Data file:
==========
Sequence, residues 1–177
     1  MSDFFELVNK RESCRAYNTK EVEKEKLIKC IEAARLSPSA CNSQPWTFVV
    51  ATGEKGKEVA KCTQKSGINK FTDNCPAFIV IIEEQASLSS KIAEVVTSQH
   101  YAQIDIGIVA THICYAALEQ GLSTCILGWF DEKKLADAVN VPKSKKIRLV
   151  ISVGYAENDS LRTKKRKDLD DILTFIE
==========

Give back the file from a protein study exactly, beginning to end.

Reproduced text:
Sequence, residues 1–177
     1  MSDFFELVNK RESCRAYNTK EVEKEKLIKC IEAARLSPSA CNSQPWTFVV
    51  ATGEKGKEVA KCTQKSGINK FTDNCPAFIV IIEEQASLSS KIAEVVTSQH
   101  YAQIDIGIVA THICYAALEQ GLSTCILGWF DEKKLADAVN VPKSKKIRLV
   151  ISVGYAENDS LRTKKRKDLD DILTFIE